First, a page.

Tony Barnhart of CBSSports.com has some strong words for athletic directors. The new boss might be the same as the old boss but that boss is singing a different tune, and not a happy one for schools who want to gain and edge or find a shortcut. In response, Mr. Barnhart has a couple of suggestions.
2. Search for the biggest, brightest and toughest legal mind you can find and make that person your NCAA compliance director. The compliance director has one job and that’s to protect the institution (and the athletic director). If that person is doing his/her job correctly, they will be the most disliked person in the department (next to you, of course).
Setting aside the questions marks of turning compliance into an extension of the legal profession, this is a major rethinking of the role of the compliance office. It’s not a new idea though. The Committee on Infractions has scrutinized the relationship between compliance office and coaches as compliance tries to strike the balance between cops and partners. The COI has questioned the tactic of working with coaches even during investigations, although most campus compliance staff would claim this is unworkable.
Mr. Barnhart goes one step further though with a stern message to athletic directors about the culture that needs to be the foundation for this new attitude toward compliance:
3. Meet with your coaches once a week and always end the meeting with these two statements:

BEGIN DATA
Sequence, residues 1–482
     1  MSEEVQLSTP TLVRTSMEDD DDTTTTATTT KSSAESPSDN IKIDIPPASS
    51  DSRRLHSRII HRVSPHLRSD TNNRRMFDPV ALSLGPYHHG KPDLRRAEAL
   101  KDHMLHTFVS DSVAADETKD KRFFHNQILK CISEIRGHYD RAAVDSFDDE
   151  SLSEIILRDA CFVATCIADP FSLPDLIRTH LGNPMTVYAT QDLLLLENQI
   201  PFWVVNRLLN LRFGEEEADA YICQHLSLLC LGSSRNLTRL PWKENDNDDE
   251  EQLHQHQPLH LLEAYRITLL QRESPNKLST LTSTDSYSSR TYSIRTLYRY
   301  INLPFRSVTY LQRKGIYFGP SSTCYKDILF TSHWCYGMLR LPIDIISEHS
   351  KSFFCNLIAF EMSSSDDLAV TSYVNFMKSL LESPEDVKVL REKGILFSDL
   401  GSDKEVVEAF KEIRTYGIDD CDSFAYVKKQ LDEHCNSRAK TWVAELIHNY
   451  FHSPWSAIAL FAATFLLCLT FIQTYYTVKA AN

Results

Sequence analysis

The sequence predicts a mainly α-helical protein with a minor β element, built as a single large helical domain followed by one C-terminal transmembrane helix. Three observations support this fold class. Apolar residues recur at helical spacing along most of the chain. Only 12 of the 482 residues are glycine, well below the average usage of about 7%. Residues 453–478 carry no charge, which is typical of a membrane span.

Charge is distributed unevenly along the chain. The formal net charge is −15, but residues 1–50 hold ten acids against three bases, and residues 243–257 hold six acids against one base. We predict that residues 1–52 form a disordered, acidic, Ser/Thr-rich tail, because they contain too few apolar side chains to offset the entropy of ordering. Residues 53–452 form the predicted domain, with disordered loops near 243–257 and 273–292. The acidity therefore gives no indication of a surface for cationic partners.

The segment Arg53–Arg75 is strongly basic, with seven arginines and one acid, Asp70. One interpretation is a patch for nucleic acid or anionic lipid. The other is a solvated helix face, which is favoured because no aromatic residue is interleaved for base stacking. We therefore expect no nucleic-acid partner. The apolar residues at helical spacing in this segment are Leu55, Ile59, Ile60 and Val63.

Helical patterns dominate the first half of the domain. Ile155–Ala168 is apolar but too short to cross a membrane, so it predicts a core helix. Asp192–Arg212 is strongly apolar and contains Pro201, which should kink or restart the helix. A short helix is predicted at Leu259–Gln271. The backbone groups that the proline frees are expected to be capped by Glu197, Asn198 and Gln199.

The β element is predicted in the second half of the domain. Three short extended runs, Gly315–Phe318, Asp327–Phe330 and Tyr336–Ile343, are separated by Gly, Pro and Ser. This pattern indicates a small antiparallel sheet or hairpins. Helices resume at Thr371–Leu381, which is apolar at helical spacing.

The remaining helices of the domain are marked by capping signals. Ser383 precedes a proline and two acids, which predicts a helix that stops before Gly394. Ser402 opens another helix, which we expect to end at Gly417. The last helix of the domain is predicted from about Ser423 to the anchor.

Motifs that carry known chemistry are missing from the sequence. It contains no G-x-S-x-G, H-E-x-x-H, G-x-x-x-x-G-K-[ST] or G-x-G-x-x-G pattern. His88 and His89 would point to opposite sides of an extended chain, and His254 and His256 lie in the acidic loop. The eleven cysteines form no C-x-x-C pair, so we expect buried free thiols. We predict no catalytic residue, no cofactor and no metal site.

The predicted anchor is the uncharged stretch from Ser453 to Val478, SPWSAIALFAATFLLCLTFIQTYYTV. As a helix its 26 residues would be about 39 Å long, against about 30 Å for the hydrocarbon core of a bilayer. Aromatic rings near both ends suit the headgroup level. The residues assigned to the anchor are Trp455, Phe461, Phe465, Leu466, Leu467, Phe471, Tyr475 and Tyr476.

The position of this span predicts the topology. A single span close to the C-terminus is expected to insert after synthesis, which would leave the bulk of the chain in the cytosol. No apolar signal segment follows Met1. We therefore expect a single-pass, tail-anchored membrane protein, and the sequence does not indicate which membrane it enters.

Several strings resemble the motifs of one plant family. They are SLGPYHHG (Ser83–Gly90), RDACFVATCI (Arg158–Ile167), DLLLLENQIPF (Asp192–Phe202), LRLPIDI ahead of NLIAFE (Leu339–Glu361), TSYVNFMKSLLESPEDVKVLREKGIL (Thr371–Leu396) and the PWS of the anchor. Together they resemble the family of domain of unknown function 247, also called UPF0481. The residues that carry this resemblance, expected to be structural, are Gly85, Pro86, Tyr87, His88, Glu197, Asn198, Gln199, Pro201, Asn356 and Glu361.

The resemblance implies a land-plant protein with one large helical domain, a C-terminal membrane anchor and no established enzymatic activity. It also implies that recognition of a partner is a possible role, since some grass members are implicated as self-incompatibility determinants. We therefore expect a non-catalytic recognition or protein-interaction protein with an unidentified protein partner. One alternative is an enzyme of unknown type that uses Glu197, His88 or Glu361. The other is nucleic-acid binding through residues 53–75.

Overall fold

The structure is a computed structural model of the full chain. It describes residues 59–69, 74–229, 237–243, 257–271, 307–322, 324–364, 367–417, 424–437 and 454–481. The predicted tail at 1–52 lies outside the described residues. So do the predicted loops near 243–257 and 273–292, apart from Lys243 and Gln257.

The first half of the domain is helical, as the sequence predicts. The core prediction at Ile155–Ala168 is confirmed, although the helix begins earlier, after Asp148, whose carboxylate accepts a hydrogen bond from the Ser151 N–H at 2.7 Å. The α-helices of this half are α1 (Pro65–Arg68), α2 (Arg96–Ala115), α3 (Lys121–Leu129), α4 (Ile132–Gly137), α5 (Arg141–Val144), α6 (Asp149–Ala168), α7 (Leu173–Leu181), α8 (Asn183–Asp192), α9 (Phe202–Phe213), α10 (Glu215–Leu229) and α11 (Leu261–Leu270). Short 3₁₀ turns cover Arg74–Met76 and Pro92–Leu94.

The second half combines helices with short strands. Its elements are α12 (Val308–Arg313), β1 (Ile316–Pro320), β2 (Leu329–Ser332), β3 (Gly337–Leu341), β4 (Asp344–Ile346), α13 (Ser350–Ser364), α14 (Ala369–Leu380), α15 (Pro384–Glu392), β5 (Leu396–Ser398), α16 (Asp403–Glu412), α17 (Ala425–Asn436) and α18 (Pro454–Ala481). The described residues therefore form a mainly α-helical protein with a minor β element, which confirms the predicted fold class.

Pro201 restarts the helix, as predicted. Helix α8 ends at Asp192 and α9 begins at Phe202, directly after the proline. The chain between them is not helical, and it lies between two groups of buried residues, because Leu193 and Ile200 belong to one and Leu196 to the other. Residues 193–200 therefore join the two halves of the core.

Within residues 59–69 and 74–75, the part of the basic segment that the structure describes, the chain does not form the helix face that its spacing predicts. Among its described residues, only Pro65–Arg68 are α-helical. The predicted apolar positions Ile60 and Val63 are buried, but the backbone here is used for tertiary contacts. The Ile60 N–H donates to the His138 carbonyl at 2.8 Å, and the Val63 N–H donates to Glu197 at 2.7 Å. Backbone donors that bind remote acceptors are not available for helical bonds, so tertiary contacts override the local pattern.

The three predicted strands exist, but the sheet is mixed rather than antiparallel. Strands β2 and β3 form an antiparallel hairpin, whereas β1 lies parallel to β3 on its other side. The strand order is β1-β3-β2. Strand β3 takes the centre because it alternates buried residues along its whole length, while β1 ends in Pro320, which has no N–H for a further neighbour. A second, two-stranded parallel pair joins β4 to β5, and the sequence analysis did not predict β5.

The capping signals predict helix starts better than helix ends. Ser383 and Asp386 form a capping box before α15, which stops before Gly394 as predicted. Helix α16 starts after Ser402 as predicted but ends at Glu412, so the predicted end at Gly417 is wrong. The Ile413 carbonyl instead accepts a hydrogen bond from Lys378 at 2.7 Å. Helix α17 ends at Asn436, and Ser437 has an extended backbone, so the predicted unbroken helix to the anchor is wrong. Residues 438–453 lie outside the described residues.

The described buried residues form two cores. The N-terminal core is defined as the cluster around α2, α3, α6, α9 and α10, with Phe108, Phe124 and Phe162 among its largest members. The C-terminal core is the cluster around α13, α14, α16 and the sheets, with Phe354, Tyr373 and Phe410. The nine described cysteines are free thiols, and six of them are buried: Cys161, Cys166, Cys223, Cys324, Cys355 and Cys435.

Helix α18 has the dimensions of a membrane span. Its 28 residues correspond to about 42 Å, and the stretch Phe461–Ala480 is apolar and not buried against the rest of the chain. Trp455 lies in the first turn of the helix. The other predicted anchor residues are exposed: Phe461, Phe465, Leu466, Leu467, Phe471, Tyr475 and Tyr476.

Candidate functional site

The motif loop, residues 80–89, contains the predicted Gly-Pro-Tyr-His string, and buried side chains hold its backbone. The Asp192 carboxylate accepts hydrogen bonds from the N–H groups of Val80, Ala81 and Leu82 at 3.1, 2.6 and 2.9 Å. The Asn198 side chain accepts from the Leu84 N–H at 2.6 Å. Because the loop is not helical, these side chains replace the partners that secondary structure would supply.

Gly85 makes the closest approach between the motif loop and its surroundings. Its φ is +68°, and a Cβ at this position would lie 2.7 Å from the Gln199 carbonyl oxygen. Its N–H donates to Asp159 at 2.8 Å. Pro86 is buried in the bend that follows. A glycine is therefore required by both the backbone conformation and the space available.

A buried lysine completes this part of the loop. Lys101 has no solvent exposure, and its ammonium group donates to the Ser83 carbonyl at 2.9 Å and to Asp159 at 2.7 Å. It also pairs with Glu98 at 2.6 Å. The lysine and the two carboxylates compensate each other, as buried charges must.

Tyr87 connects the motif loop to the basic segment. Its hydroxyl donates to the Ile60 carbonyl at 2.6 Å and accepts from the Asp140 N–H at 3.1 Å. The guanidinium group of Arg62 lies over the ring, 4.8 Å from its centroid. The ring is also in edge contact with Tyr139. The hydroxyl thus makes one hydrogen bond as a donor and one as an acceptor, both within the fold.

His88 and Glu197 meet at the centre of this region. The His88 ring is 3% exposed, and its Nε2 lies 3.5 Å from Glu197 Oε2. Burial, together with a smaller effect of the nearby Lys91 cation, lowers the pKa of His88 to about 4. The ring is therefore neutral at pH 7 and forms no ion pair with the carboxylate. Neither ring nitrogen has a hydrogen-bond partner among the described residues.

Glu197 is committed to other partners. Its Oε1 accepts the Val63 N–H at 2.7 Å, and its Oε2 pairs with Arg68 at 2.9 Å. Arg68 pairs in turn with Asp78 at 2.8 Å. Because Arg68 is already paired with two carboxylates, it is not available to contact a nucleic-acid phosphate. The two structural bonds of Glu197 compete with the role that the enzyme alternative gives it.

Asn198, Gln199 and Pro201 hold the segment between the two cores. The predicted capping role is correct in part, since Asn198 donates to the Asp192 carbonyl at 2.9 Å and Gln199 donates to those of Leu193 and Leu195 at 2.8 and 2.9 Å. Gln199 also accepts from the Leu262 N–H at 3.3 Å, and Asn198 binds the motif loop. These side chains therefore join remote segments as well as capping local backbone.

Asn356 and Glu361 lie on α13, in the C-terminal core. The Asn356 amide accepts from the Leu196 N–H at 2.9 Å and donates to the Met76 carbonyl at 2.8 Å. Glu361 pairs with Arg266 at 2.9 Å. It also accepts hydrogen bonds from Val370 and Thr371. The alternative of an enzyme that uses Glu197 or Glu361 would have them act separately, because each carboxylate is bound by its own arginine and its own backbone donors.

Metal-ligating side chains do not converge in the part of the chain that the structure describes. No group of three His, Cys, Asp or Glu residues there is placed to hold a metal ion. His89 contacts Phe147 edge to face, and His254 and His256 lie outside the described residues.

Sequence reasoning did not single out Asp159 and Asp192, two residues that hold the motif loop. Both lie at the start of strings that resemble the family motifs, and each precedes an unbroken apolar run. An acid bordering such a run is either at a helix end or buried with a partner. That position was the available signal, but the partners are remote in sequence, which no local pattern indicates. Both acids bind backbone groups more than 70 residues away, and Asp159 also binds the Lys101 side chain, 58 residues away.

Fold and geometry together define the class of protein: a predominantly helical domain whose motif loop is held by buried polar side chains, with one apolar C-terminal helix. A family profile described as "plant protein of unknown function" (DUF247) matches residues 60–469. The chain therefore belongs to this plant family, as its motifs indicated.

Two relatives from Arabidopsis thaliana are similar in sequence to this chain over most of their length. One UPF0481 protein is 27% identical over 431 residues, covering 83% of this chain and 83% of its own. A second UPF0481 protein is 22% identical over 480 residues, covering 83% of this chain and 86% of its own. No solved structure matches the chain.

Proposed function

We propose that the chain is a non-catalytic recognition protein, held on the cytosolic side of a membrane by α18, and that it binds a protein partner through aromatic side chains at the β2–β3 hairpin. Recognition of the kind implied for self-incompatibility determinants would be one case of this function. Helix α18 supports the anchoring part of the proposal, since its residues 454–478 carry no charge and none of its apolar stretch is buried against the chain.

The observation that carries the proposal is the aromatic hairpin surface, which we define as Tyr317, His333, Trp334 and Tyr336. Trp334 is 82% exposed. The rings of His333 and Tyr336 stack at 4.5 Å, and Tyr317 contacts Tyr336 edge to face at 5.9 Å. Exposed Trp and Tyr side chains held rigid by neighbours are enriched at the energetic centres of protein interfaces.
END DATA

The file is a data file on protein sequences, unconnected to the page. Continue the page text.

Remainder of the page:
“If you have a problem with the compliance director you come to me. If you do not cooperate with the compliance director you are done. If you try to intimidate the compliance director you’re done. I don’t care how much money you make or how many games you’ve won. The president of this university has my back on this.
“If you get even a whiff that a rule has been broken, walk down the hall to the compliance director and dump it in their lap. If you cover anything up, you’re done.”
Take the two suggestions together and the loyalties and function of the compliance office are clear. It’s no longer a compliance office, it’s an enforcement office. Its job is not to work with coaches, but keep them in line. It seeks to protect itself, the institution and the athletic director first, and the coaches last. Such a set up also raises the suspicion that some coaches have of compliance becoming a tool for athletic directors to force them out. In short, the relationship between this office and coaches will be more adversarial than cooperative.
So what happens to all the other parts of compliance? Who works on the waivers? Who tracks eligibility? Who fights with the NCAA and the conference to get the interp that helps the program? Who in the athletic department will ever work for a student-athlete rather than just keeping tabs on them?
The answer seems simple: to make Mr. Barnhart’s vision of the “New World Order” work, the compliance office has to break apart. What Mr. Barnhart calls a compliance office would be an enforcement office. Just like in the NCAA national office, other functions like eligibility, interpretations, and waivers would be handled by one or more different offices, all reporting to the athletic director. The enforcement office would monitor the rest of what was the compliance office just like it monitors the coaching staffs. Watchers watching the watchers if you will.
Coaches need a compliance office they can have a cooperative working relationship with. They need someone in the athletic department they can trust to help them be successful on the field. A more proactive NCAA enforcement staff may mean those people cannot be the same people who monitor those coaches. In that case, it may be time to take a page from the national office and create different offices to do different jobs.
The opinions expressed on this blog are the author’s and the author’s alone, and are not endorsed by the NCAA or any NCAA member institution or conference. This blog is not a substitute for a compliance office.